At $47, the bison filet at Eddie Merlot’s steakhouse is just as expensive as the New York strip steak. It’s also half the size.
The grass-fed meat has fewer calories, less cholesterol or fat than beef, and consumers can’t seem to get enough. Restaurants are raising prices while the meat – once a niche item – is now stocked by retailers including Whole Foods Market, Kroger, and Costco.
The growing appetite for bison is part of a wider trend toward organic foods, a small but expanding part of the food industry. Aside from the perceived health benefits, demand for such meat signals a rejection of factory-farming methods that account for most protein eaten in the United States.
“The consumer today doesn’t trust the food industry,” said Roger Gerber, chief executive officer of Blackwing Quality Meats, a U.S. distributor of bison meat. “They can feel comfortable to know it doesn’t have hormones, it doesn’t have antibiotics.”
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Dining on bison isn’t entirely new. Cable News Network founder Ted Turner, owner of the world’s largest private herd, opened the first of a series of restaurants in 2002 to serve dishes such as bison short ribs and bison meatloaf.
Bison are considered a conservation success story. There are more than 500,000 in North America, according to Colorado processor Great Range Brand Bison, following the efforts of private ranchers. They were almost hunted to extinction in late 1800s, their numbers dwindling to less than 1,000. By the 1970s, the increase in herd size meant they started to be sold for meat.
What prompted Eddie Merlot’s to introduce bison five years ago was demand for healthier options, particularly from women, said Geoffrey Stiles, president of the Fort Wayne, Indiana-based restaurant chain.
Its 6-ounce (170-gram) filet, for example, has fewer than 200 calories. Bison has one-third less fat than beef and the animals are raised without steroids or chemical residue, according to the Canadian Bison Association. The animals spend most of their time grazing on forage.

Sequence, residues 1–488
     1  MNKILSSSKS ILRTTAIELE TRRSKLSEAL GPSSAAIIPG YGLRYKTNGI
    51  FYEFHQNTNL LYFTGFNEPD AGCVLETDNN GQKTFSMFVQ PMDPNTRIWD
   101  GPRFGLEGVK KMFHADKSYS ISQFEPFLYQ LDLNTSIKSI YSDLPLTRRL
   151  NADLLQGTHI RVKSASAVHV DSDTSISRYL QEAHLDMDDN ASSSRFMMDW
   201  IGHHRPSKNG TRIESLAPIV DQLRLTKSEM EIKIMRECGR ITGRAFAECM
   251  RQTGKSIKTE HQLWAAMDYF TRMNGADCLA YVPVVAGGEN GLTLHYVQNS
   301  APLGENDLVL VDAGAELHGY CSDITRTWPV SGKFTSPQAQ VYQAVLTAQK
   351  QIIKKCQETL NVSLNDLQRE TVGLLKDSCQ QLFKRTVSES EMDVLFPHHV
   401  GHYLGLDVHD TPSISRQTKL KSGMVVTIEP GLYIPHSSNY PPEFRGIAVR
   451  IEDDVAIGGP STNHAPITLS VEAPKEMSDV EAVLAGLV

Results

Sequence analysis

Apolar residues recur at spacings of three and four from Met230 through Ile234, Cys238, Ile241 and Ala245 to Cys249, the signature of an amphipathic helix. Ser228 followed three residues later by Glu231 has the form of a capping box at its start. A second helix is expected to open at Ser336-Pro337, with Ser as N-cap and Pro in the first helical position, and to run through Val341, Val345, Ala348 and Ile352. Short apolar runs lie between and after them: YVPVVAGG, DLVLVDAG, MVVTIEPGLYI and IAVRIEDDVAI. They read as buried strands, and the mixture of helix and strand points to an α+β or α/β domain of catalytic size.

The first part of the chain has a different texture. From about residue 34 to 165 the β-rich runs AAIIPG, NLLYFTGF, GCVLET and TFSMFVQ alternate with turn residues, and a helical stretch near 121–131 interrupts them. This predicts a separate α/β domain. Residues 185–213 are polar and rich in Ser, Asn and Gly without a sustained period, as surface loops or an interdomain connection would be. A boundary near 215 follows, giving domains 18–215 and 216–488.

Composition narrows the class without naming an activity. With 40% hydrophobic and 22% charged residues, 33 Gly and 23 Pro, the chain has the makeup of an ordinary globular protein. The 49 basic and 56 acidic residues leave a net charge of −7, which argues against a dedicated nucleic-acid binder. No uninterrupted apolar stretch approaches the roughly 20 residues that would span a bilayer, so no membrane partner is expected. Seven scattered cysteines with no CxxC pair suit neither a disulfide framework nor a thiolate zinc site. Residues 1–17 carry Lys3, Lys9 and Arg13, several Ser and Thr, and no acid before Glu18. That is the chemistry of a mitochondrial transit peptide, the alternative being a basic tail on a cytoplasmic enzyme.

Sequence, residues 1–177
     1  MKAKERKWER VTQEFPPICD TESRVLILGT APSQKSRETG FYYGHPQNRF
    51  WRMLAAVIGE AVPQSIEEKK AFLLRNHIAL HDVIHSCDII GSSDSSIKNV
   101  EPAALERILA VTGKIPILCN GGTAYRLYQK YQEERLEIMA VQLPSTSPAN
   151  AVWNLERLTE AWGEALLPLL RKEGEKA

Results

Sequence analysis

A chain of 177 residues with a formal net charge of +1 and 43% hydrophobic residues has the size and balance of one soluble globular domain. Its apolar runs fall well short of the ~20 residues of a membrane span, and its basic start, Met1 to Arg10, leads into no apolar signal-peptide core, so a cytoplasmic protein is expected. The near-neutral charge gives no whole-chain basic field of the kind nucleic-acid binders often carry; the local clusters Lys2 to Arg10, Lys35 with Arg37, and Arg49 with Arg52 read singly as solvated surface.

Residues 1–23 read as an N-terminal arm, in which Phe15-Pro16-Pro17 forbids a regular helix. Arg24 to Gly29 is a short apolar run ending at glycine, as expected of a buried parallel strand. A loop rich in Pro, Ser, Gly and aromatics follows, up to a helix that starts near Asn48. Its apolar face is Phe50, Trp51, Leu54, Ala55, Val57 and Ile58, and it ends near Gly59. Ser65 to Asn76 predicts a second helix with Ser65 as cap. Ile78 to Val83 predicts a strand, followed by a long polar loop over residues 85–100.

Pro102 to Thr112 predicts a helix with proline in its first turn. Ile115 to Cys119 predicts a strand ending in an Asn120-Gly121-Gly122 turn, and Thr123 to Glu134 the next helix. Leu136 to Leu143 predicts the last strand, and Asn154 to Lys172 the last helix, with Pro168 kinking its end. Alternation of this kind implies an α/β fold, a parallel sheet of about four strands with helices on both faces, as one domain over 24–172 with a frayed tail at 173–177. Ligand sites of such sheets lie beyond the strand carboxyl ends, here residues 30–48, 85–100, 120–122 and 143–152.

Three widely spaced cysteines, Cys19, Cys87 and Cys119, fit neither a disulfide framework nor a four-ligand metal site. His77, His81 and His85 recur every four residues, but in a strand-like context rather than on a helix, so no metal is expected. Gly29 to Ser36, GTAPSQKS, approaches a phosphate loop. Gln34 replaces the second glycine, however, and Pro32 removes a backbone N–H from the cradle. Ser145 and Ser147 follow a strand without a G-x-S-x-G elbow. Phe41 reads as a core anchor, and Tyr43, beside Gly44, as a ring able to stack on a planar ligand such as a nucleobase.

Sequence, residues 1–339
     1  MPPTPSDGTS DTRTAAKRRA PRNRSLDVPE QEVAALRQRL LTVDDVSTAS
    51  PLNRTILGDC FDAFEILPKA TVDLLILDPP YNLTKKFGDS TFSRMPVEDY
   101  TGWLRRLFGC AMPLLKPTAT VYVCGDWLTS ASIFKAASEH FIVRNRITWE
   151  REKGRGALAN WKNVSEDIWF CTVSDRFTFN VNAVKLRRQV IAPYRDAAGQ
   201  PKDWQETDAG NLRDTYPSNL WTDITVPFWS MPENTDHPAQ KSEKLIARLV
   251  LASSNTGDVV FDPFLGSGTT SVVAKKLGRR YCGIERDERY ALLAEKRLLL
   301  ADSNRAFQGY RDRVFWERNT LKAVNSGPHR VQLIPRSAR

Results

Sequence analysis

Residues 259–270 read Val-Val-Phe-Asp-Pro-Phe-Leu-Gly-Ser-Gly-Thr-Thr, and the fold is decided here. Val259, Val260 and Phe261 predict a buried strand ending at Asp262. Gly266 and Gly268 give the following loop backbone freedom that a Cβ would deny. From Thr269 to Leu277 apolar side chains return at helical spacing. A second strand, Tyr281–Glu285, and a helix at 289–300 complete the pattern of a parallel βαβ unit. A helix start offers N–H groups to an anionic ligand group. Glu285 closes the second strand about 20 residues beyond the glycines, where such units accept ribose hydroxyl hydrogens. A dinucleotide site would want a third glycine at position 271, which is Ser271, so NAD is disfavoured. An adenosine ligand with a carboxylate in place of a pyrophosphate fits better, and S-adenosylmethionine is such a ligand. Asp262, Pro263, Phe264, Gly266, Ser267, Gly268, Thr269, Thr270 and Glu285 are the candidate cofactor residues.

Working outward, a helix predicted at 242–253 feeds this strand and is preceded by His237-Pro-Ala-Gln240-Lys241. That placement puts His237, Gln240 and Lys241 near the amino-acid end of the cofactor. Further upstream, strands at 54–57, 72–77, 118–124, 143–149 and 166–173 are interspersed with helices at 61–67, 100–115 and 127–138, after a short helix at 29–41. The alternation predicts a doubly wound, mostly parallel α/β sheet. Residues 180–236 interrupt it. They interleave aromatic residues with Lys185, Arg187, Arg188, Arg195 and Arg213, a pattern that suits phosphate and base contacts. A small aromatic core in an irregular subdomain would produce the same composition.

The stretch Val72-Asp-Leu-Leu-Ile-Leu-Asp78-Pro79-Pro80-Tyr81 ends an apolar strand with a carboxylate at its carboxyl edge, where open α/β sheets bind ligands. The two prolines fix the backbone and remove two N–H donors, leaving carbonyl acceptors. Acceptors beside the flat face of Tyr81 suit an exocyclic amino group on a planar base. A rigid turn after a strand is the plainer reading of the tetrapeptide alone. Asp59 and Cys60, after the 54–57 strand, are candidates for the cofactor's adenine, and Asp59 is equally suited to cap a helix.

While prices have almost doubled in the last five years, consumer demand hasn’t waned because the cost of other forms of protein – notably pork and beef – has also surged, said Tom Riemann, president of the North American Bison Cooperative, a North Dakota-based processor.
“People have kind of gotten used to the prices and are willing to pay a little bit more,” Dave Carter, executive director of the Westminster, Colo.-based National Bison Association, said in an interview.
That’s just as well, because by any reasonable measure, bison is expensive. Ribeye bison steaks rose 17 percent to an average of $31.76 a pound in August compared with a month earlier, more than three times the retail price of a boneless beef ribeye, U.S. government data show. To keep up with that inflation, Eddie Merlot’s is raising menu prices as much as 3 percent a year.
A life on the prairie has its risks, and the drought conditions that have crimped U.S. cattle supply also affected bison. Ranchers in the U.S., collectively the world’s largest source of bison meat, held 162,110 head in 2012, down 18 percent from 2007, according to the most recent data from the U.S. Department of Agriculture.
U.S. imports of boneless bison meat from Canada have doubled in the past year, USDA figures also show. But in Canada, too, availability has been constrained, with dry conditions in Alberta and a decline in the number of ranchers, according to the National Bison Association.
Supplies will probably remain tight until 2017, because it can take five years to increase herd sizes, according to Carter. Still, that supply response is already stirring. Ken Overby, a 61-year-old rancher in Manitoba, is considering expanding production after prices increased.
“All indicators are that this will probably continue for a while,” Overby said in an interview.